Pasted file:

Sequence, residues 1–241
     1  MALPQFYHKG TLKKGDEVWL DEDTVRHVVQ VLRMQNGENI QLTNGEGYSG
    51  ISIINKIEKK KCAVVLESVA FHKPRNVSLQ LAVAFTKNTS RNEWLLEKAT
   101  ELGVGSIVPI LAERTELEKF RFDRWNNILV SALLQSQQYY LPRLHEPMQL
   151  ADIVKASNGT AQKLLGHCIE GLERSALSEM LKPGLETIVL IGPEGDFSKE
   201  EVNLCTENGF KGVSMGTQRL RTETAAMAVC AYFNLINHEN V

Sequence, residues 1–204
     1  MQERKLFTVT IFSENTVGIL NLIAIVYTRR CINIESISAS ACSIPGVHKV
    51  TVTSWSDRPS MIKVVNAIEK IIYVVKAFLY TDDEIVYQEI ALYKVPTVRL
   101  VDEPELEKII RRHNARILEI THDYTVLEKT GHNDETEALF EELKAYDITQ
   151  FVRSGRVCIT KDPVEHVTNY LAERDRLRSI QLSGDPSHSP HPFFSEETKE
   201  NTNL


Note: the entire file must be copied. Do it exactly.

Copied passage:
Sequence, residues 1–241
     1  MALPQFYHKG TLKKGDEVWL DEDTVRHVVQ VLRMQNGENI QLTNGEGYSG
    51  ISIINKIEKK KCAVVLESVA FHKPRNVSLQ LAVAFTKNTS RNEWLLEKAT
   101  ELGVGSIVPI LAERTELEKF RFDRWNNILV SALLQSQQYY LPRLHEPMQL
   151  ADIVKASNGT AQKLLGHCIE GLERSALSEM LKPGLETIVL IGPEGDFSKE
   201  EVNLCTENGF KGVSMGTQRL RTETAAMAVC AYFNLINHEN V

Sequence, residues 1–204
     1  MQERKLFTVT IFSENTVGIL NLIAIVYTRR CINIESISAS ACSIPGVHKV
    51  TVTSWSDRPS MIKVVNAIEK IIYVVKAFLY TDDEIVYQEI ALYKVPTVRL
   101  VDEPELEKII RRHNARILEI THDYTVLEKT GHNDETEALF EELKAYDITQ
   151  FVRSGRVCIT KDPVEHVTNY LAERDRLRSI QLSGDPSHSP HPFFSEETKE
   201  NTNL